It is often said that whatever else you make for a dinner party, the one thing your guests will be sure to remember is the dessert. So of course, my dinner party dessert had to be something just out of this world!! I am known for baking a lot, which I do, but this time I wanted to do something different from my usual cake or cupcakes. Mousse makes a perfect summer dessert, cool and refreshing. When I came across this recipe by Giada de Laurentis( , I knew this would be just perfect. Not only was her mousse simple to make, but it also did not contatin raw eggs, which I did not want to serve to my guests. To top it all off, Giada served her mousse in individual white chocolate cups rather than ordinary glass dishes. Now if that doesn't impress, I don't know what will! The hardest part of this dessert was coating the paper liners with white chocolate. I used a lot more white chocolate than the recipe called for, but a heavy first coat makes the cups much easier to pull away from the paper liners.

I don't think I need to say this, but this dessert was absolutely worth every second I put into it. Boy, was it decadent! It was just as delectable as I had expected. I would definitely make this mousse again. So easy, but so tasty!

Chocolate Mascarpone Cream in White Chocolate Cups:
8 oz. white chocolate, chopped( I used 11 oz. white chocolate chips)
4 oz. semisweet chocolate, chopped(I used chips)
1 cup heavy cream
3 tablespoons sugar
8 oz. mascarpone cheese
1 tsp. grated orange peel(I left this out)
1/4 tsp. vanilla extract(I increased this to 1/2 tsp. because I love vanilla flavor)

Line 8 mufins cups with paper liners. Melt white chocolate. The original recipe called for a double boiler, but it worked just fine for me in the microwave at 50% power, sitrring every 30 seconds for about 2 minutes, until smooth. Spoon about 1 tablespoon(I did about 2) melted chocolate into each paper liner. Use a pastry brush to evenly coat the bottom and sides of each liner.

Freeze for about 30 minutes, until the chocolate coat is firm. Remelt the remaining white chocolate. Spoon 1 tablespoon into each cup and brush over the bottom and sides of each cup. Freeze until completely set, at least 1 hour( I waited about 2 hours and the paper liners peeled away very easily). I found that the chocolate would soften quite easily due to the summer heat, so I took only 2 cups out at a time and put them back in the freezer before taking any more out.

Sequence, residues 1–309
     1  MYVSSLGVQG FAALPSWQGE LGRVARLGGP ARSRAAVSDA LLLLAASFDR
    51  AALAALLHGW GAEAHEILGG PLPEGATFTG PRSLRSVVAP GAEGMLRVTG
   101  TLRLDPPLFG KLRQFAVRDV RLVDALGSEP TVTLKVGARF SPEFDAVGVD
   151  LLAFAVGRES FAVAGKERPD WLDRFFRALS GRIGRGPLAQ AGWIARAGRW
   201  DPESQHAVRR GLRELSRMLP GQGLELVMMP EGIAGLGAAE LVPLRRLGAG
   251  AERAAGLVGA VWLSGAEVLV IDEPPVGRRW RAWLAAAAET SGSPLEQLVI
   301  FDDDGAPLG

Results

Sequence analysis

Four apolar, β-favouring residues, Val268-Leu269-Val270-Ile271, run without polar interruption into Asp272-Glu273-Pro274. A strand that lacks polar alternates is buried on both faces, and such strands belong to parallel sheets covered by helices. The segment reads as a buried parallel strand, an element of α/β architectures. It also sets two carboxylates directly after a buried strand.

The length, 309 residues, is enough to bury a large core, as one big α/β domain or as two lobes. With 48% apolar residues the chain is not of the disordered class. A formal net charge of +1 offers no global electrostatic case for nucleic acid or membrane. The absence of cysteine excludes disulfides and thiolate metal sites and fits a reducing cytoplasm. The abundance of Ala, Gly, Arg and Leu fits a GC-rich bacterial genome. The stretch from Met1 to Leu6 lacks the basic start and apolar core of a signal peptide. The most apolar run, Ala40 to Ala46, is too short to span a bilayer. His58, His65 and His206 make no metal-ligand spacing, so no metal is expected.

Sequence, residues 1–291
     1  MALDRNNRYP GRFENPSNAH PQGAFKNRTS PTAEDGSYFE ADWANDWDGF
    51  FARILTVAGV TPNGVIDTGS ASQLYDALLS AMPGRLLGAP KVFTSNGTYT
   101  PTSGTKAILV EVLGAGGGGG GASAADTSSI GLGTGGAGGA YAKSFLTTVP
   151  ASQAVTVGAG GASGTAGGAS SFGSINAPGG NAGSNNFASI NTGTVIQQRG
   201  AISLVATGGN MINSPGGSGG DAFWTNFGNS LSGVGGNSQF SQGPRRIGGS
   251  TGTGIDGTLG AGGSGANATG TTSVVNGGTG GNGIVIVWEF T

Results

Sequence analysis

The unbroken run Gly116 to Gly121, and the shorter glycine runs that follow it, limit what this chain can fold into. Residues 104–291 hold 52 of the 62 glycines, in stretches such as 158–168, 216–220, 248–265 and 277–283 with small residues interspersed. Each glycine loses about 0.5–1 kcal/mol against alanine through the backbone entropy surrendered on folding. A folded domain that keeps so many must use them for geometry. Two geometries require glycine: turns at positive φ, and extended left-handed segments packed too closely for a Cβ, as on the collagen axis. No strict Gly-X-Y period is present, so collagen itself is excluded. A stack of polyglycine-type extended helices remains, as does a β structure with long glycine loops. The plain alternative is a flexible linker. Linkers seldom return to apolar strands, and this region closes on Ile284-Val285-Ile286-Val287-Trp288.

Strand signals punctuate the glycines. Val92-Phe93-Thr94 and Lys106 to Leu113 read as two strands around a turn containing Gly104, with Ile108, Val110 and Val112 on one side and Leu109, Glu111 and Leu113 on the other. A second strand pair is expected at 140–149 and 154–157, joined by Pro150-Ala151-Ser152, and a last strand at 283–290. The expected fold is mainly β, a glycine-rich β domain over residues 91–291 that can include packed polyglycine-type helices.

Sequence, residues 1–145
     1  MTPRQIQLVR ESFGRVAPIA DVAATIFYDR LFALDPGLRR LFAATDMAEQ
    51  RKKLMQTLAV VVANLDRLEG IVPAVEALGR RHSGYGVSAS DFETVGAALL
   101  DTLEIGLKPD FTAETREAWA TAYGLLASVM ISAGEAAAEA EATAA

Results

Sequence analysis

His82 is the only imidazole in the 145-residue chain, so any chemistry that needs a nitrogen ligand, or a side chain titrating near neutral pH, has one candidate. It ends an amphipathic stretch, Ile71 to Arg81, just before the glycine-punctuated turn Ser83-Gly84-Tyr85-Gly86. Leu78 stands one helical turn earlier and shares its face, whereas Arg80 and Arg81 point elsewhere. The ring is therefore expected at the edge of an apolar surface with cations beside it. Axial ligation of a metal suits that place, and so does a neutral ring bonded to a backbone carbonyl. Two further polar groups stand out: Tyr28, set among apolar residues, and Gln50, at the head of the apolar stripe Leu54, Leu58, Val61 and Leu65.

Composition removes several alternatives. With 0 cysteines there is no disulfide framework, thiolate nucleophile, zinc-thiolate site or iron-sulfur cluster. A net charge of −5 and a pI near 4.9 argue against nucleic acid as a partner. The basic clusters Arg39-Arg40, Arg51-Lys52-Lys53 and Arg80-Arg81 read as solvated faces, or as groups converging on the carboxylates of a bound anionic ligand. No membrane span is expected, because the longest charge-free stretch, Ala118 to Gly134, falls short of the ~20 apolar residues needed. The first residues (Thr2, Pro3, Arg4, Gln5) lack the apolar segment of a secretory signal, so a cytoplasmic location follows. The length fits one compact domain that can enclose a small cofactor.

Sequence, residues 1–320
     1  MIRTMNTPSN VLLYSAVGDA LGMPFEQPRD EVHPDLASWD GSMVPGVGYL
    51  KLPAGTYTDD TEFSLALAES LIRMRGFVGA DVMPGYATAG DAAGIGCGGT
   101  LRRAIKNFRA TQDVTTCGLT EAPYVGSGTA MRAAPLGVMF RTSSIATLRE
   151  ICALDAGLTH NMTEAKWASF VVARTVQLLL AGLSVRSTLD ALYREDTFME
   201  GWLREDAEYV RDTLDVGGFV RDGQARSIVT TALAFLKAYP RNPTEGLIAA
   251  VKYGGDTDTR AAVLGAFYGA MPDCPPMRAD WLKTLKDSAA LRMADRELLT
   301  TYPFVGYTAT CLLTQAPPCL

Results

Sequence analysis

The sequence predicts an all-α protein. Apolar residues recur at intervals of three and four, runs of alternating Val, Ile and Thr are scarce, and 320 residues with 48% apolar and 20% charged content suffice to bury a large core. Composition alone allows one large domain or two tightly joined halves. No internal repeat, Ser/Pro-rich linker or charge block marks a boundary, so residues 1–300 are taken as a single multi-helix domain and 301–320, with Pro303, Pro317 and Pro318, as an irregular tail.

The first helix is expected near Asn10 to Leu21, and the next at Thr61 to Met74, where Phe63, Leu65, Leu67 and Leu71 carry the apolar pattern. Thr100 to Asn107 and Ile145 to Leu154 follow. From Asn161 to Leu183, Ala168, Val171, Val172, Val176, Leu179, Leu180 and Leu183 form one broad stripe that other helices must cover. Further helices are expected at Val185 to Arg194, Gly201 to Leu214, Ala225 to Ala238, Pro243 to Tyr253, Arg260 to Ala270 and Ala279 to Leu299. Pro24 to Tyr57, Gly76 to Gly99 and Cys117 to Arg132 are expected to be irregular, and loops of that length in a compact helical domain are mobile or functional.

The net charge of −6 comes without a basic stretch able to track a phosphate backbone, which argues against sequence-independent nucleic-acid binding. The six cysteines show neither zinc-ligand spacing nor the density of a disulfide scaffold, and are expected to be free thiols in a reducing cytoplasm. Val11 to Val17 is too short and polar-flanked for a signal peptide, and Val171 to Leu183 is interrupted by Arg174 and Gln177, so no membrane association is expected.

Melt the semisweet chocolate until smooth in the top of a double boiler(I used my microwave again at 50% power). Then, let it cool completely. Beat the cream and sugar in a large bowl until soft peaks form( Chilling the bowl and beaters speeds up the whipping process). Set aside.

Beat the mascarpone cheese, melted chocolate, orange peel(is using) and vanilla extract in a large bowl , using an electric mixer, until smooth and glossy, about 30 seconds.

Fold the whipped cream into the chocolate mixture in 2 batches.

Transfer the mousse fto a pastry bag fitted with a star tip (I put it in a ziploc bag and cut off one corner to make my own pastry bag). Pipe the mousse into the prepared white chocolate cups.

I topped each cup with a chocolate-dipped strawberry. Just melt an extra 3-4 oz. semisweet chocolate and use that to dip the strwberries, if you so desire. Make sure the strawberries aren't too big. Mine were very large, and they kept foalling off the top. Doesn't that look stunning? :)

Serve right away, or refrigerate. Let them sit out at room temperature for 1 hour before serving (I found half an hour to be more then enough given the summer heat). This is certainly a rich dessert, but if you're like me, you'll have no trouble at all finishing an entire cup :) Sit back and savor every bite of this culinary masterpiece!

Monday, May 24, 2010

Strawberry Punch

For my dinner party, I wanted to serve a simple, refreshing beverage that would go along with, but certainly not detract from, the meal itself. Stawberries are perfect for the summer, and I love anything with strawberries in it. In fact, I make myself a strawberry smoothie for breakfast most days of the week. And so, so I devised this recipe for strawberry punch.

Strawberry Punch:

2 cups strawberry puree
1 32 oz. bottle Italian sparkling lime water
1 16 oz. bottle Tazo Lemon-Ginger tea
1 batch simple syrup,cooled, recipe below

Combine all ingredients in a large pitcher, mix well, and chill before serving.

Simple Syrup

1 cup sugar
1 cup water

Bring sugar-water mixture to a boil, and let it simmer on medium heat for about five minutes, until the sugar completely dissolves and the mixture thickens up. Let cool before mixing with punch. Simple syrup can be used to create just about any beverage that strikes your fancy. It can also be used to soak cakes to makes them sweeter and more moist. You can also infuse simple syrup with various flavors, such as vanilla, mint or a flavored liqueur. So get creative!

Sunday, May 23, 2010

Olive Tapenade